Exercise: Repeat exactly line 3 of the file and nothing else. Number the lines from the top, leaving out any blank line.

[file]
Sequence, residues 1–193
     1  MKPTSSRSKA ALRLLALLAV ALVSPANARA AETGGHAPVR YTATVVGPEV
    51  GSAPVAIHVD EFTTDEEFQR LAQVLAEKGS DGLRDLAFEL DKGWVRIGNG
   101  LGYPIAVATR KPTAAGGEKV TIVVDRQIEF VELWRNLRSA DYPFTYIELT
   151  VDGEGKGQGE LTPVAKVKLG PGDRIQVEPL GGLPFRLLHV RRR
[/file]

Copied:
    51  GSAPVAIHVD EFTTDEEFQR LAQVLAEKGS DGLRDLAFEL DKGWVRIGNG